wanted to retire to live a simple country life. After his death in
Vindobona (now Vienna, Austria) on March 17, 180 the emperor's only son
Commodus became Emperor and turned out to be the worst of bad rulers.
Marcus Aurelius's reputation is shadowed by his persecution of Christians,
whom he considered superstitious and immoral. The fierce cruelty, with
which the persecution was carried out in Gaul, was not consistent with his
writings. However, Stoics had a profound influence upon both Neoplatonism
and Christianity. Besides Meditations Aurelius left behind among
others two Roman monuments, the column which commemorates his victories in
the Marcomannic Wars and the equestrian statue on the Capitol.
Stoicism - a
philosophy named after the Stoa Poikile, a hall in Athens where it was
first formulated around 300 BC by Zeno of Citium. Zeno's all writings
are lost. The philosophy was developed by Cleanthes (331-232) and
Chrysippus (280-207), who organized it into a system. Marcus Aurelius
based his views in part on the later version, which was developed by the
freed slave Epictetus (55-135). The Stoics were the first thoroughgoing
pantheists: God is the universe, the universe is God. The wise and
virtuous learns one's place in the scheme. According to Stoic Ethics,
the goal of human existence is to live consistently with Nature, which
means "consistently with Reason".
Meditations - or
Writings to Himself (Ta eis heauton) first printed in 1559 in Zurich by
Andreas Gesner with a Latin translation by William Xylander. Thereafter
it has enjoyed a wide readership from poets to statesmen. Meditations
contains 12 books, but while Book I offers a clear organization and
unity, the others do not. Marcus Aurelius worked on his philosophical
summary or pensées during the last years of his life while on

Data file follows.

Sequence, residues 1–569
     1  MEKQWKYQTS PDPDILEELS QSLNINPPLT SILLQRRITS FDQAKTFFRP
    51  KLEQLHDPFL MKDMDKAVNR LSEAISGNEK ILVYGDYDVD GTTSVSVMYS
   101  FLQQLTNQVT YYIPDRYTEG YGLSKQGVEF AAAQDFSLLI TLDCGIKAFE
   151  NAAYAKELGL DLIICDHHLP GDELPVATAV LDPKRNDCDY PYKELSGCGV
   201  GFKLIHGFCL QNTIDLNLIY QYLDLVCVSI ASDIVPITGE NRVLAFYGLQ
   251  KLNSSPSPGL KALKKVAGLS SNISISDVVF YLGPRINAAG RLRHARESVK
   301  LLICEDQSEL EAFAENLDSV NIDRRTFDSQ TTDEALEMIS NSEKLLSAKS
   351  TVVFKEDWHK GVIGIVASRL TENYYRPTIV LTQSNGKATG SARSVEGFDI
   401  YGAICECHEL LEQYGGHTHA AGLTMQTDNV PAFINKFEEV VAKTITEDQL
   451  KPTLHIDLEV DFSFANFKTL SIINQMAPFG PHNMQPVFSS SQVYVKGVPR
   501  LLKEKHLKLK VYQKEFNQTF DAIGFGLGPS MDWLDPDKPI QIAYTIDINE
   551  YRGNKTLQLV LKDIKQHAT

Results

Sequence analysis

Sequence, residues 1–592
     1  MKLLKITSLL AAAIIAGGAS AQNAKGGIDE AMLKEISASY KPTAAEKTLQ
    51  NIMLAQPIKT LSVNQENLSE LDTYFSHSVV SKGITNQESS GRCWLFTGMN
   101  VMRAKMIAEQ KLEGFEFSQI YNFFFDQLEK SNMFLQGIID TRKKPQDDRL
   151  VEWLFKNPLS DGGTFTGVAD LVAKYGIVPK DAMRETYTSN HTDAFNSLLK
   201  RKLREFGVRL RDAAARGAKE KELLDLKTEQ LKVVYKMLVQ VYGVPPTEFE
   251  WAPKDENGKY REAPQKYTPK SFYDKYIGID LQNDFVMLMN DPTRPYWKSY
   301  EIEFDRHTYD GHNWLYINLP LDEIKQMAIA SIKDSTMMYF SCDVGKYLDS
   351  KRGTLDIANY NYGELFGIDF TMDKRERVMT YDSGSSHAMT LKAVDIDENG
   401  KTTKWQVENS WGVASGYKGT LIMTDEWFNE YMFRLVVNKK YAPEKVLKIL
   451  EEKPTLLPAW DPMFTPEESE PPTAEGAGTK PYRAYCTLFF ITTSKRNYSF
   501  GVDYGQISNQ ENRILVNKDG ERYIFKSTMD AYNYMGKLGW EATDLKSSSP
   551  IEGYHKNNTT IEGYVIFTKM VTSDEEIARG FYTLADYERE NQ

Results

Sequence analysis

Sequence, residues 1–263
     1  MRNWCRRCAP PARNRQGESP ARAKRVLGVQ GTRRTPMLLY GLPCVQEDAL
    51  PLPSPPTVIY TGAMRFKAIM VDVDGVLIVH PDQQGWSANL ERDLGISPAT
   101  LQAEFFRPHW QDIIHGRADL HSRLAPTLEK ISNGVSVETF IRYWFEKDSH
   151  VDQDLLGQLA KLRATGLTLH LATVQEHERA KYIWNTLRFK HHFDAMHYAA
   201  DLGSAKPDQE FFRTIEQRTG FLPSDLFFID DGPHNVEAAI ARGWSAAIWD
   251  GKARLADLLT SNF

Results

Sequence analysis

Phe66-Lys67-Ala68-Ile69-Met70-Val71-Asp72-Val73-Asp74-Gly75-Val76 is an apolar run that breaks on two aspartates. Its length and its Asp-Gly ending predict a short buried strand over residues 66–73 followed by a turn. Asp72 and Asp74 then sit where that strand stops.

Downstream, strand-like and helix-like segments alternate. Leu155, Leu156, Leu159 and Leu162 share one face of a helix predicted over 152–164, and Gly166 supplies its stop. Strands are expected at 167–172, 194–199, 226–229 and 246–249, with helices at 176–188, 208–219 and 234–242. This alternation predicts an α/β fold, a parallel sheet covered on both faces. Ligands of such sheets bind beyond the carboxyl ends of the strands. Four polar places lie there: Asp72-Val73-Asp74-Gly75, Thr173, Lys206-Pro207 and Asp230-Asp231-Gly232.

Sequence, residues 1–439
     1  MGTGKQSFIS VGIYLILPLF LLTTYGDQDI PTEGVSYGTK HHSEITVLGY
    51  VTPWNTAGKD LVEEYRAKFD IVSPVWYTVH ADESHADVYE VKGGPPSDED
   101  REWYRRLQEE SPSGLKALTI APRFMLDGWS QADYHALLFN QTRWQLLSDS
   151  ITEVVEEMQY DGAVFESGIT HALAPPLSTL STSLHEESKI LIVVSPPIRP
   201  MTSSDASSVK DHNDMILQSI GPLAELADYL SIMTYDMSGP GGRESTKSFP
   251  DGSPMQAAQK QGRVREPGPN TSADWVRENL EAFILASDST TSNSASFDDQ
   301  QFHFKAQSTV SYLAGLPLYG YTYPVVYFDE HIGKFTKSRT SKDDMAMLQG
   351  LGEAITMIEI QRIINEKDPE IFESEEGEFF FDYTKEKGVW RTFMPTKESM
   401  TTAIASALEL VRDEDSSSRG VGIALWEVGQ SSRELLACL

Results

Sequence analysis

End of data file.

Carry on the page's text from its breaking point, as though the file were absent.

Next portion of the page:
campaign along the marshlands of the Danube. Among the central themes is
man's fate to die and be forgotten. "What should be valued?",
he asks, but sees not the answer in the rewards of glory. Aurelius was
wanted to be untouched by passion, and generous by nature rather than by
calculation. He had a firm sense of responsibility, but was perhaps more
attracted to the Stoic ideal of the perfect man. When according to
Stoicism humanity's whole duty was to discover how it might live in
harmony with the order of Nature, Aurelius hoped sadly that it could
also apply to him: "Even in a palace life may be lived well."
reading: Marcus Aurelius: His Life and His Works by A.S.L.
Farquharson (1951); Marcus Aurelius by Anthony Birley (1987,
original edition 1966); The Meditations of Marcus Aurelius by R.B.
Rutheford (1989); The Therapy of Desire by Martha C. Nussbaum
(1994); The Roman Empire in Transition by Michael Grant (1994) -
Note: in some sources Marcus Aurelius's birth date is April 16, 121 (Lexicon
der Weltliteratur, ed. by Gero von Wilpert, 1988).
- Aurelius - Epictetus Collection
"Art of War" by Sun Tzu
more than two thousand years, Sun-tzu's The Art of War has
provided leaders with essential advice on battlefield tactics
and management strategies.
"Meditations" by Marcus Aurelius
series of spiritual exercises filled with wisdom, practical
guidance, and profound understanding of human behavior
and remains one of the greatest
works of spiritual and ethical reflection ever written.
"The Manual" by Epictetus -
"The Enchiridion" ; Could be called
"the very first self-help book." This Greek philosopher wrote
a small but powerful tractate on living a content and happy life. Marcus
Aurelius was greatly influenced by the teachings of Epictetus. This Greek philosopher wrote
a small but powerful tractate on living a content and happy life.
(3 eBooks) FOR JUST $5.95
(That's a $45.00 Value)
of 5 stars
"The Tzu - Aurelius - Epictetus Collection" Now